Genuine all-rounders are rare in soccer. Second strikers, No. 10s, inverted wingers and holding midfielders; trequartistas, registas and liberos; positions are specific and players are bracketed by increasingly defined criteria. But some bespoke players do possess those multifaceted traits, like Arturo Vidal.

It’s what makes Bayern Munich’s acquisition of the Juventus midfielder one of the most intriguing captures of the summer to date. Vidal has long been linked with a move to clubs like Manchester United and Arsenal without much tangible materializing in terms of a transfer. But the Bavarians have been swift in concluding a deal since their interest was initially reported a week ago.

From the Germans’ perspective, it’s an exceptional signing. Vidal is a complete midfielder, probably the most well rounded in the game. For a reported fee of £28 million, the 28-year-old represents exceptional value for money and is capable of fulfilling a variety different duties in Pep Guardiola’s star-studded side.

The Chilean is primarily a vertical player, at his best disrupting play, surging forward and breaking the lines with a direct mindset. As such, it’s easy to brand Vidal as the natural replacement for Bastian Schweinsteiger in this Bayern squad.

Except, Vidal is an upgrade on the German skipper. Underpinning these effervescent qualities is a tenacity and industry that Schweinsteiger once had, but has lost gradually as injuries have taken their toll. By contrast, the Chilean, as was evident by the talismanic displays he turned in in Bianconeri colours late last season, is a player very much in his prime.

Vidal will certainly relish the high-octane pressing Guardiola commands of his players off the ball, as he has done in a similar manner at international level with Jorge Sampaoli’s Chile side. Nonetheless, initially, the La Roja star may not be a seamless match with the principles of the former Barcelona boss.

Guardiola is perceived as a staunchly principled coach and a man who builds his teams into meticulous passing machines. That’s not to say Vidal is not a fine distributor, but as aforementioned, his incision with the ball at his feet is not where his major strengths are.

But, provided he’s used in a manner comparable to his Juventus days, Vidal will add a desirable new dimension to the Bayern midfield. And the beauty of this bespoke player is that he can be stationed in a plethora of positions on the field.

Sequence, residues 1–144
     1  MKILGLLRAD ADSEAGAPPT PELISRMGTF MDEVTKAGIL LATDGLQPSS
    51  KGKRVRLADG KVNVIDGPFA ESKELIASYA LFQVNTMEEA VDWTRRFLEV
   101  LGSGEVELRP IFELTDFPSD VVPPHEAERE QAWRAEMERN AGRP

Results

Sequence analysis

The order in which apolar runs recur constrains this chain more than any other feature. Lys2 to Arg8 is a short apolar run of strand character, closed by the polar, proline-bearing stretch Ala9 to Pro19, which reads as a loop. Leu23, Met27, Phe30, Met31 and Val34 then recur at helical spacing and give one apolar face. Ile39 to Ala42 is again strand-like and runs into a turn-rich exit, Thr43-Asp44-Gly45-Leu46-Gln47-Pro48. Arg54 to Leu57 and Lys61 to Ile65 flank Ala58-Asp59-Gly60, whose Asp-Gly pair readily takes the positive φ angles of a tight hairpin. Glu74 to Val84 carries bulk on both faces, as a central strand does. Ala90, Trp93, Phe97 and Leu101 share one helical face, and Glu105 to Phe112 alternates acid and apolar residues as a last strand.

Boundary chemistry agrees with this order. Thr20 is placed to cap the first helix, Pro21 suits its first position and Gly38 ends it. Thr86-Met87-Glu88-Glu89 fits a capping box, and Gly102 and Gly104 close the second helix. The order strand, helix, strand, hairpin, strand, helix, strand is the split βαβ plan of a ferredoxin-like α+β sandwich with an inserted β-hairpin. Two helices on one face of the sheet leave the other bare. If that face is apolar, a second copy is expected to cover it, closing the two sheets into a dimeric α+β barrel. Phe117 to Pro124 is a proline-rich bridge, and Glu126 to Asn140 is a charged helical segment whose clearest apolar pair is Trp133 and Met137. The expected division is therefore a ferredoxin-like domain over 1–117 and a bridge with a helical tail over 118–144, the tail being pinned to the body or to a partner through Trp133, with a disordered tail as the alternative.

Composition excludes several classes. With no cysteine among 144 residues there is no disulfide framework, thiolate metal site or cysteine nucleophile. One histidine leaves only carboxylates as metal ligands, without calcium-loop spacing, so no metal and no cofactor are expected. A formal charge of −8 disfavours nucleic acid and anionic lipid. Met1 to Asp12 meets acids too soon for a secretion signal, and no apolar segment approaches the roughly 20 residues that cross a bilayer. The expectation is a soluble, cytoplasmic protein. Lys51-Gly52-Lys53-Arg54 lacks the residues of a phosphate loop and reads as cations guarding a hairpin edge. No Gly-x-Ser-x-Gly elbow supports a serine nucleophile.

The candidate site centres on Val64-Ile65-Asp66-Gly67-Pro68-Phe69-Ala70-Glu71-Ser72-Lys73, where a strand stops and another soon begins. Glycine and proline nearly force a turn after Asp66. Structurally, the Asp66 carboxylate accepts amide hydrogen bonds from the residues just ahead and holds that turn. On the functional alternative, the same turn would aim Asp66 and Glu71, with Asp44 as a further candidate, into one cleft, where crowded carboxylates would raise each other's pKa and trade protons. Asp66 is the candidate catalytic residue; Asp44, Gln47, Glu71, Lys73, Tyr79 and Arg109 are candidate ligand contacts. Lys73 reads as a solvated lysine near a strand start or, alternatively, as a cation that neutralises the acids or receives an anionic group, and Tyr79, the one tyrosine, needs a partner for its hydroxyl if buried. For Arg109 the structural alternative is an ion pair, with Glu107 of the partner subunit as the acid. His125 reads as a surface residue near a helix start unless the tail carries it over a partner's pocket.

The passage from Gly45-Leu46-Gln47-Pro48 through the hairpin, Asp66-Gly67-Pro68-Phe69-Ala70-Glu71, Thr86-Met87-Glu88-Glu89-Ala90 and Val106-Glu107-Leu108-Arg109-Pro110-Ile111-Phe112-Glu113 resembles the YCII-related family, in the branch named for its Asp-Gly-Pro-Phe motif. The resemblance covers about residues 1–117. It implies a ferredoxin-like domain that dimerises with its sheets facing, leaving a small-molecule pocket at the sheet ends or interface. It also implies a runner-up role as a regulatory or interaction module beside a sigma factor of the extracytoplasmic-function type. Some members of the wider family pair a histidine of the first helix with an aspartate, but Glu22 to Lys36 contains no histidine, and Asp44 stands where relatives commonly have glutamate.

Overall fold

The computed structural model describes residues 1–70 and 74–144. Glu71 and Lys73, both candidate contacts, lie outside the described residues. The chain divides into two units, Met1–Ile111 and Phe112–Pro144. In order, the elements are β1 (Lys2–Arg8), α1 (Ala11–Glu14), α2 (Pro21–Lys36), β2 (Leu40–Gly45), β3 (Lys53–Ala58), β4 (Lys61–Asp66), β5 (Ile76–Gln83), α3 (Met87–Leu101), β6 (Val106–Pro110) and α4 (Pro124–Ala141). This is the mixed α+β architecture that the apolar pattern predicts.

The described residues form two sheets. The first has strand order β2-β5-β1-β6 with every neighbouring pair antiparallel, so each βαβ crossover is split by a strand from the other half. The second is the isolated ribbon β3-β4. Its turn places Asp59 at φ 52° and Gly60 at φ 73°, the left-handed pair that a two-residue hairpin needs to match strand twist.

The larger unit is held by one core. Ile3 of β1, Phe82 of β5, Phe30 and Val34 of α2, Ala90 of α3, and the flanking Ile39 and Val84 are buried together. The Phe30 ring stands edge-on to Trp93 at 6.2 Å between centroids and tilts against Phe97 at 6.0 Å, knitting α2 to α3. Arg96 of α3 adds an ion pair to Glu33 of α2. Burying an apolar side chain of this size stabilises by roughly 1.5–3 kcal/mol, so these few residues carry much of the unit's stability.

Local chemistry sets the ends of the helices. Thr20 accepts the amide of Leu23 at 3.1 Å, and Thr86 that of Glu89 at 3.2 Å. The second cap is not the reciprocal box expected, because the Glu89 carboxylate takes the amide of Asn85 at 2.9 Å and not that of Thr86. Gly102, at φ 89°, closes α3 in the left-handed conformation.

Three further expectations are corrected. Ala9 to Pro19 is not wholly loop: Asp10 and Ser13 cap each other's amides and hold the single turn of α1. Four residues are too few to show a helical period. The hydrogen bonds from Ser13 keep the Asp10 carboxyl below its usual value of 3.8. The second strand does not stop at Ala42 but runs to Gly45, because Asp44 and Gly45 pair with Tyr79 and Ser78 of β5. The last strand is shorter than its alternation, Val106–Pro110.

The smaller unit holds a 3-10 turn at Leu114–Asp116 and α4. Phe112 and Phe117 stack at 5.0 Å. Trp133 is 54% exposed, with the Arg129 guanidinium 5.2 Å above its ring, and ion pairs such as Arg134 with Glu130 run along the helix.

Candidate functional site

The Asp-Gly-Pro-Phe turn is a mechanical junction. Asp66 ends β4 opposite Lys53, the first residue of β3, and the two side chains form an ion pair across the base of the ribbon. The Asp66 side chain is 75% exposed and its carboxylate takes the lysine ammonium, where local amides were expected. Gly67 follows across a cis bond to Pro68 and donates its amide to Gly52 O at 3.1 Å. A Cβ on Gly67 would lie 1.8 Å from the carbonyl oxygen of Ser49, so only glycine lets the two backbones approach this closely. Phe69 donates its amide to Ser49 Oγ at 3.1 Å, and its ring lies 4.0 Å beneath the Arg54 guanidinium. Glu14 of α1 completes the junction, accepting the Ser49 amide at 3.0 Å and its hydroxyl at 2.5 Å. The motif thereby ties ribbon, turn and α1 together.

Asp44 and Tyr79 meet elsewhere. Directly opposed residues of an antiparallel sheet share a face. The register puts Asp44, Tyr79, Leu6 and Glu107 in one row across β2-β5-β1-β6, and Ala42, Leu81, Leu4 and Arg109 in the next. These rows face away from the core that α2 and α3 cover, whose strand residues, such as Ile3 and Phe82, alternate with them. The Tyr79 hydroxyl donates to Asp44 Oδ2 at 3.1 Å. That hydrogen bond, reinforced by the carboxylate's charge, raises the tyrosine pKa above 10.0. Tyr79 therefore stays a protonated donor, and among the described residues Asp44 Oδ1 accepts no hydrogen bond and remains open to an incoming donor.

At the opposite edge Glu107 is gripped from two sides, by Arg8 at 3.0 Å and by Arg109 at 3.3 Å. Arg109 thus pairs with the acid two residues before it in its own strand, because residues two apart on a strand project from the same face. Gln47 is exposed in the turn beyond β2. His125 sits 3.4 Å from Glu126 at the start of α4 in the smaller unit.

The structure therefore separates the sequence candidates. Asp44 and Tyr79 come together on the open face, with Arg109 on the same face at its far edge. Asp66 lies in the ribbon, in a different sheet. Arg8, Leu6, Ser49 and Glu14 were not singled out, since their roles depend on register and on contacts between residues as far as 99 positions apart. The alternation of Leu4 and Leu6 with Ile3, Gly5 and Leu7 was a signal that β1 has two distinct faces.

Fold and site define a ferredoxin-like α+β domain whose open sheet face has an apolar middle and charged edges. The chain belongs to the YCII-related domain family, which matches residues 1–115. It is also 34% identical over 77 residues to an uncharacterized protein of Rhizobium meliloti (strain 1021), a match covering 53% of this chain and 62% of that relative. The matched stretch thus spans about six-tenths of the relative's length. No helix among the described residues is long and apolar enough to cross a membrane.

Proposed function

In Turin, the intricacy of Andrea Pirlo and Claudio Marchisio provided magnificent foils for the more rumbustious make-ups of Vidal and Paul Pogba. With Xabi Alonso and Thiago Alcantara likely to support the Chilean in what’ll be a remarkable midfield trio at the Allianz Arena, the platform is there for Vidal to have a similarly destructive impact with his vibrant midfield play.

It was a drive which Bayern lacked at times last season. Although they coasted to another Bundesliga title, the perpetual fitness woes of Schweinsteiger left the Bavarians looking a little one-dimensional and far too lateral in the middle of the pitch. Vidal will ensure that changes and that’ll only enrich the German side’s chances of winning another Champions League title.

That must be the aim for Guardiola and his side this season. There’s no team in the Bundesliga that possess the quality to challenge Bayern in the league, but after falling short at the semi-final stage of the European Cup in his two seasons at the helm so far, the Catalan will be acutely aware he needs to go one better.

His signings illustrate he may be willing to try a different tact as well. Douglas Costa is an incisive winger who, like Vidal, is a primarily vertical in his playing style. Although these acquisitions do deviate somewhat from Pep’s well known tactical mantras, the fact he’s bringing them in points to a potential tactical compromise.

To have a chance of winning the Champions League, teams need to be adaptable. Granted, the Barcelona side assembled by Guardiola was mesmeric and immaculate, smothering teams with a bewitching brazen. But they were a fantasy team, a one off and gradually, the Catalan seems to be realizing that. The signing of Vidal is perhaps the biggest indicator yet.

Vidal will give Bayern a drive that was so scarce from central areas against Barcelona in the Champions League semi-finals last season. He will also add a steeliness that was unseen when Real Madrid tore through the Germans on the counter-attack in the same stage of the competition two seasons ago.

He may not be as flawless as Xavi Hernandez, nor boast the emotional ties to the Bayern faithful that made Schweinsteiger a deistic figure, but Vidal is the comprehensive operator this team has lacked in crucial matches against the best on the continent. And as the main zealous influence in what’s an otherwise scrupulously assembled XI, the Chile star could fast become a football force of nature.


Follow Matt on Twitter @MattJFootball